Saturday, February 22nd 2014 - 07:11 UTC

Cristina Fernandez ratifies solidarity with Venezuela: opposition should wait for next elections

In a rally at the Buenos Aires province town of Florencio Varela, President Cristina Fernandez ratified Argentina’s “solidarity” with the Venezuelan government of President Nicolas Maduro, as the fifth Mercosur full member continues to be caught up in a wave of violent protests that have claimed the lives of 6 so far.

The Argentine leader recalled that “violence engenders only more violence”

 “There is nothing more important than peace and democracy” stated the Argentine leader.

“This is not only about Venezuela. We have said it when democracy in Bolivia, in Ecuador was in danger. We extend our supportive hand to the people of Venezuela. There is nothing more important than peace and democracy, the respect of popular will and life,” the head of state said in a message that seemed also aimed at the Venezuelan opposition whose leader Leopoldo López has publicly called for the “exit” of President Nicolás Maduro.

“If they did not get to win the elections this time, they should run in the next elections. But a region that has been declared a zone of peace can't be put up in the air” Cristina Fernandez insisted and added that political demonstrations can take place “without violence.”

“Violence engenders only more violence. We must be tolerant. We can't stir up a fire that does not belong to this region, but that is fueled from other parts. Let’s not be stupid, peace is built with our words and actions”.

Meanwhile from Caracas, Venezuela president Nicolas Maduro at a press conference to explain why his decision to oust CNN journalists claimed that the country was facing the “most brutal media campaign” since 2002 when the coup attempt against then president Hugo Chavez.

“There is a campaign from the world's right to divide Latin-America and they are achieving it” said Maduro.

”The right in Latin America is against Venezuela. President (Sebastian) Piñera from Chile, Colombian president (Juan Manuel) Santos and from Panama (Ricardo) Martinelli have succumbed to the conditions of the US”, insisted Maduro, while repeating that Venezuela never interfered in the internal affairs of those countries.

105 comments Feed

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1 Anglotino (#) Feb 22nd, 2014 - 08:51 am Report abuse
What I love is this simplistic view of democracy, by unintelligent idiots such as Kirchner, that suppose that democracy is all about being able to vote.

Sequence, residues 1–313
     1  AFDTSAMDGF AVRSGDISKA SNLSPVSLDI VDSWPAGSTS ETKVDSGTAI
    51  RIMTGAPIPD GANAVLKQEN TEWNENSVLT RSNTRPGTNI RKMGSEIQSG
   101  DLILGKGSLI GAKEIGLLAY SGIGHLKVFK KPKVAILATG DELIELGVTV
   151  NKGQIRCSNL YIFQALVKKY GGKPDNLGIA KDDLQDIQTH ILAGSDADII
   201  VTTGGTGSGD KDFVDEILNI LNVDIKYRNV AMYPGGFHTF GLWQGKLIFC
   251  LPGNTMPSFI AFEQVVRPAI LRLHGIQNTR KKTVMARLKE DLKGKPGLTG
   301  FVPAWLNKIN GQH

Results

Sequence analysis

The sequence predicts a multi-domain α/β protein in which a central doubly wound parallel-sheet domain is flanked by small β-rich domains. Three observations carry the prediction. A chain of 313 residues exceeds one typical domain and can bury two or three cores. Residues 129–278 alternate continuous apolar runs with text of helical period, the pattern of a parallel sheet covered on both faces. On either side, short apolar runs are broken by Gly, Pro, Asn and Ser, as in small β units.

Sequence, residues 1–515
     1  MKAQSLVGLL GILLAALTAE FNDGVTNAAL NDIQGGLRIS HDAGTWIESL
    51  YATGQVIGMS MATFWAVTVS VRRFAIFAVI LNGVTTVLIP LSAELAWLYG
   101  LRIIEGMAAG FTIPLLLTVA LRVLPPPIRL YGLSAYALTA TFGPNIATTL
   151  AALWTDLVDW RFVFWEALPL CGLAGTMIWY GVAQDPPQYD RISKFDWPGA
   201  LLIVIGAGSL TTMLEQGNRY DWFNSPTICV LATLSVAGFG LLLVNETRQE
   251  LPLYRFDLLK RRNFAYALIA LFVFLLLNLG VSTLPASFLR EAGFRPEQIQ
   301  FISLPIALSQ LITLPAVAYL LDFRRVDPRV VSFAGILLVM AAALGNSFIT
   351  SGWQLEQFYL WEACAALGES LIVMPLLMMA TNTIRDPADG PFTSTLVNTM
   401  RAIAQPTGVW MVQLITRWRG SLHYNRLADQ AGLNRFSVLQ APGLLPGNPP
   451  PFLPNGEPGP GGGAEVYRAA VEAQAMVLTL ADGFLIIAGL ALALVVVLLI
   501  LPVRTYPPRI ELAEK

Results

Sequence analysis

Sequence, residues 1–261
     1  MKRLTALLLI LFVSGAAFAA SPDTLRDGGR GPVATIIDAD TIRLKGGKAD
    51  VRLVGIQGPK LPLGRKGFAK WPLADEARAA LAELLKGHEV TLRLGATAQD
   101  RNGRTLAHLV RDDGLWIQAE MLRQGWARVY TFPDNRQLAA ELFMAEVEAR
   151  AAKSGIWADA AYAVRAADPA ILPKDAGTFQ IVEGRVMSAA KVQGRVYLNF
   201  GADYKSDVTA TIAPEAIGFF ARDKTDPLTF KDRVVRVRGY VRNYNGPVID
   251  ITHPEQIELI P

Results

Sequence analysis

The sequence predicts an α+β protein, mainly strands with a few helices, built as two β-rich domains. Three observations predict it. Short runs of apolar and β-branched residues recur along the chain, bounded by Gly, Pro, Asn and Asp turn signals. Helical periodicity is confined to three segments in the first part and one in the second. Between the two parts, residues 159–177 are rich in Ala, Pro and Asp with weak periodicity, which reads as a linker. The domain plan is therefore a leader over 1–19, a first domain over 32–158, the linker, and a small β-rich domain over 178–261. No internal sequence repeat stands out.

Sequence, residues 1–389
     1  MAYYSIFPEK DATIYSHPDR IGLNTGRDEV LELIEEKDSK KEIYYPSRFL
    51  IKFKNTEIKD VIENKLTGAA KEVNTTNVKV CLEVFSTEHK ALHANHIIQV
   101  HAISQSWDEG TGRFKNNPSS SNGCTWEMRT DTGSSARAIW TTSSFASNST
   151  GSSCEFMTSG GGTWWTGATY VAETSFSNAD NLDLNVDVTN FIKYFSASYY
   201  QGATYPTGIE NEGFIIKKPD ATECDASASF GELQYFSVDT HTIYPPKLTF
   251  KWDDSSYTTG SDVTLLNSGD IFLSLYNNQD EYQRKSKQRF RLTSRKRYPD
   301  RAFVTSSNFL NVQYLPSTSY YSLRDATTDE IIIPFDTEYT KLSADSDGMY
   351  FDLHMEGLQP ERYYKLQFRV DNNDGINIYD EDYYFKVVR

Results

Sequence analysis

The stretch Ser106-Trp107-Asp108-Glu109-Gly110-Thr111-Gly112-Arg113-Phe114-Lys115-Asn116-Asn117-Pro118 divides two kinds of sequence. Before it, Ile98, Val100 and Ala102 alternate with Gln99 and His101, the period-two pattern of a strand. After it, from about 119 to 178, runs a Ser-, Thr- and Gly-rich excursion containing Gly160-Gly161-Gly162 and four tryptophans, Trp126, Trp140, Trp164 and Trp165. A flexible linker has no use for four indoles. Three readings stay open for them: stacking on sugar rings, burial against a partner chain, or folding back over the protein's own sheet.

Democracy in Venezuela is about as deep as good economic policy is in Argentina. There are flickers but the opposite state is currently prevailing.
2 JollyGoodFun (#) Feb 22nd, 2014 - 10:35 am Report abuse
Argentine and Venezuelan political understanding is that the people accept what the government says as gospel, all international institutions must accept what their governments say, all business leaders must accept what their governments say, all smaller countries who they can bare influence down on must accept what their governments say.

If the people disagree they're labelled anarchists and shot (Venezuela), and intimidated or go missing (Argentina). Any international institute which disagrees is labelled and enemy of their states and that they're part of a master plan to destroy their governments. Any smaller country who disagrees is blockaded or suffers unfair and indiscriminate sanctions.

You really have got to laugh when Cristina Sloppy Mouth and Capitan Venezuela talk about democracy and protection of the free world.

This woman has zero humility, zero strategic understanding, zero competency with regard to economic policy making, zero class or diplomacy skills, and most importantly zero credibility due to the constant crap that leaves her mouth.

Latam Nations are quickly realising they need to distance themselves from these two failing states. Rightly so!

It will be better for Venezuela and Argentina when the crooks and cronies are arrested by the people. Both leaders should be imprisoned for a very long time.
It will be a great thing to see when he two nations get some sensible governance.
3 Conqueror (#) Feb 22nd, 2014 - 10:52 am Report abuse
The hypocrisy of it all! “There is nothing more important than peace and democracy, the respect of popular will and life” she said.

Meanwhile, argieland continues to conduct economic war against the Falkland Islands. Islands to which argieland has NEVER had a legitimate claim. And what about the “respect of popular will and life”? The Falkland Islands referendum 2013 saw 99.8% of those voting, on an electoral turnout of 99.3%, vote to remain an Overseas Territory of the United Kingdom. Isn't that the “popular will”? Or does she mean only popular with her? How she can even have the effrontery to even stand up is beyond me, never mind open her mouth!
4 Mendoza Canadian (#) Feb 22nd, 2014 - 10:55 am Report abuse
She doesn't seem to understand that by the time of the next elections the economy will be non-existent, the people will be so hungry they will do anything they are told and on and on. There are times when elections can't wait. If you don't do well at your job, your employer gets rid of you. Same thing applies to governments...they don't seem to understand that they work for the people.
5 ElaineB (#) Feb 22nd, 2014 - 12:50 pm Report abuse
I think her message translates to “Please, don't hurt me”.
6 Captain Poppy (#) Feb 22nd, 2014 - 01:19 pm Report abuse
Someone needs to explain to this dictator that protesting is a basic tenet of democracy called the freedom of speech. As for the violence, how many protestors are dead and how many police/military? If the majority of the people want him out of office....that is the voice and will of the people.

Good bye away.

Next up in the batters box.....Kirchner.